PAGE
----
Fast food didn’t catch on immediately, but it did begin to slowly develop along with the popularity of the automobile. As Americans became more mobile, frequent traveling led to a desire for quicker food on the go.

The assembly-line system of food preparation we associate with modern fast food restaurants didn’t come about until the original McDonald’s got its start in the 1940s. Inspired by the efficiency of producing a limited number of menu items with a focus on quality, Ray Kroc The first McDonald’s franchise restaurant opened its doors in Des Plaines, Illinois, in 1955.

It wasn’t long before other popular fast food restaurants started popping up. Burger King and Taco Bell got started in the 1950s. Wendy’s first opened its doors in 1969.

One feature of modern fast food restaurants familiar to most children today is the drive-through window. The first restaurant to feature a drive-through with a two-way speaker system is considered to be In-N-Out Burger, a popular California franchise that opened in 1948.

Today, fast food restaurants are extremely common. In some populated areas, you may see them on every single street corner. Experts estimate the United States alone has over 300,000 fast food restaurants. The industry as a whole accounts for billions of dollars in sales worldwide each year.

Try It Out

Are you hungry yet? Dig into the following activities with a friend or family member:

  • How many fast food restaurants are near your house? Do a quick survey. Look at a map of your area and draw a circle that marks off an area around your house that extends for two miles in every direction. Ask an adult friend or family member to drive you around that area. How many fast food restaurants do you count? Depending upon where you live, this could be a very small or a very large number. If you live in a metropolitan area, you could easily restrict your search area to a few blocks rather than a few miles. For fun, categorize the fast food restaurants in your area by the type of food they serve.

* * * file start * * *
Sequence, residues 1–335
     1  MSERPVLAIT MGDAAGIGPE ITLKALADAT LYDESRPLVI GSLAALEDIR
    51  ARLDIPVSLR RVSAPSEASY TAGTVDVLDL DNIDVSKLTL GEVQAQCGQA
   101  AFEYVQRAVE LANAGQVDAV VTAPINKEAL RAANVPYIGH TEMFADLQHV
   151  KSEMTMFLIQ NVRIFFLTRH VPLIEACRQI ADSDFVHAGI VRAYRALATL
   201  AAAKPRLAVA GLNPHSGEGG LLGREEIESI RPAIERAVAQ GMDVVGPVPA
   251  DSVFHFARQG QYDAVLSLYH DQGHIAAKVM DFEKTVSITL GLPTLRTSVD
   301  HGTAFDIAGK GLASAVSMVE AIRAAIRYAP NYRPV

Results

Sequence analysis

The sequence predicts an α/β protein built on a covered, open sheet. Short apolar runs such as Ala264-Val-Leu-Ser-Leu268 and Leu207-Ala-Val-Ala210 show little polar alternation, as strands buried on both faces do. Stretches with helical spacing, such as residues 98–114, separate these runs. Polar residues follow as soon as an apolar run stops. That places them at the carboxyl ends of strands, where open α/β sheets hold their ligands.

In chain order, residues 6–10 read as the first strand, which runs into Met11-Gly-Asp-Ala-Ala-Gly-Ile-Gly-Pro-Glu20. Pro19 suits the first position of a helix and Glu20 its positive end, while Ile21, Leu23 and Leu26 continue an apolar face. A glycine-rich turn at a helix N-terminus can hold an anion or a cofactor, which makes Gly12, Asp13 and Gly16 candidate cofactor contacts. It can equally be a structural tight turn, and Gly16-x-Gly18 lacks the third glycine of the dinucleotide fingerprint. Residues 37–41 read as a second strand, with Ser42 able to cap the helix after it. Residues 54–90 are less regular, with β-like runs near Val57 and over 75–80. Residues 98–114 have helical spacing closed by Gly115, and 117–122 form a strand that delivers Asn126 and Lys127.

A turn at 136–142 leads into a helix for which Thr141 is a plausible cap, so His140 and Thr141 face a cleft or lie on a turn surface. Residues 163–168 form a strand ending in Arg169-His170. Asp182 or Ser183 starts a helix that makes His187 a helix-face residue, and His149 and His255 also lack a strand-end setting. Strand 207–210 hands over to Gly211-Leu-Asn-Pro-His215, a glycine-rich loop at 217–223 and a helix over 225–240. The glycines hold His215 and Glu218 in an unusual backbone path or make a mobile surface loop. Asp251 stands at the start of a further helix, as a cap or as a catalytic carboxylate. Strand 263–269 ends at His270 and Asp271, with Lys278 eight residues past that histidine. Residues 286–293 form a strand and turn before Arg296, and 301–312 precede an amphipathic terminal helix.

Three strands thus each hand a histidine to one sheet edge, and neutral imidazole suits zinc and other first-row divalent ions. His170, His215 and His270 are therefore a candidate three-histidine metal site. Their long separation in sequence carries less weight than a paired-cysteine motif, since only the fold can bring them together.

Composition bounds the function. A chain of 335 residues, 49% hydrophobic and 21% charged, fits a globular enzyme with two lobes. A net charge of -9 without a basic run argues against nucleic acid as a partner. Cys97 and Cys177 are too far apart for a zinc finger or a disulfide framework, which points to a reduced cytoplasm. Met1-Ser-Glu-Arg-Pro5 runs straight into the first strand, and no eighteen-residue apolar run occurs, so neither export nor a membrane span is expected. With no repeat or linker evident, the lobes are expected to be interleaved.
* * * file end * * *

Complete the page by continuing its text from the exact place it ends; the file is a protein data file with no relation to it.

• Fast food restaurants often get a bad rap for serving food that’s unhealthy. But is all fast food unhealthy? You be the judge. Ask an adult friend or family member to take you on a field trip to a local fast food restaurant. Pay particular attention to their entire menu of food choices. If you can find a fast food restaurant that has a printed menu with nutritional information, even better! NOTE: You may have to ask a manager for this information. What percentage of menu items would you consider healthy? What healthy food choices could you make? Have fun learning more about fast food menu choices!


  • Up for a challenge? Design your own fast food restaurant! You’ve probably been to many different types of fast food restaurants in your life. What do you like about them? What do you dislike? If you could run your own fast food restaurant, what would it be like? What kind of food would you serve? What would be your specialty? Would you cater to kids with special meals and a play place? Or, would you cater to teens with free Internet access and tablet computers to play on? Let your imagination run wild. You never know when your dream fast food restaurant could become the reality of tomorrow!